This WWW won’t be too long, but its focus is about finding your flow when you write.
In general, a piece of written work with good flow has great sentence structure and variety as well as consistent ideas — a few things I have talked about in other WWWs thus far. This means that, on the surface, readers have little to no difficulty understanding what you are saying in your text.
With that in mind, it is important for you to determine what your personal writing flow is. If you meet the above requirements for flow in your work, but the work doesn’t sound like something you would write, you have “technical” flow without “personal” flow.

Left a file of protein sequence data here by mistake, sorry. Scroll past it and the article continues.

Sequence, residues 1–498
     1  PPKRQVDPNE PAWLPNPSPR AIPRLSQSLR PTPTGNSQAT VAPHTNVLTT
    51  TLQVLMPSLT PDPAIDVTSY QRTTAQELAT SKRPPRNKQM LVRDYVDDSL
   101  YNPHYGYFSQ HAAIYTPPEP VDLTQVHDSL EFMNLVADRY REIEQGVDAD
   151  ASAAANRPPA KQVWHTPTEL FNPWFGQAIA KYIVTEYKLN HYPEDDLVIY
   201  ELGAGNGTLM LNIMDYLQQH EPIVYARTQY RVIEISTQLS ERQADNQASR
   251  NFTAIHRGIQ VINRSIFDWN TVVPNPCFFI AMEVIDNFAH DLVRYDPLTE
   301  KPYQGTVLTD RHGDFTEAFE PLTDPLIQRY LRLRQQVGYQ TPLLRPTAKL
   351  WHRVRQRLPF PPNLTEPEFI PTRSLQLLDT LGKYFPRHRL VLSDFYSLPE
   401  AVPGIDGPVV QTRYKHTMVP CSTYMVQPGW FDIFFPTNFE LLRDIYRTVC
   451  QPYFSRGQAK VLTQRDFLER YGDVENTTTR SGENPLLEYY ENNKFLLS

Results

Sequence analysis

Your writing flow also has a lot to do with your writing voice, which I have discussed in a previous WWW as well. Once you have found your voice, you can identify your flow and situate that flow based on the type of writing you’re trying to do.
Other than knowing your voice in writing, you too can find your flow by paying attention to your writing patterns. You know how you tend to write, from the types of words you are drawn to using to how you start or end your sentences. If you could pick out your work without your name being attached to it, then you would have at least some awareness of your writing flow.
Overall, it does take practice and mindfulness to assess your writing to discover your personal flow, so don’t get discouraged if it doesn’t happen right away. If you need help with this, remember that I can help! Feel free to contact me through http://www.proofraed.biz or email@example.com!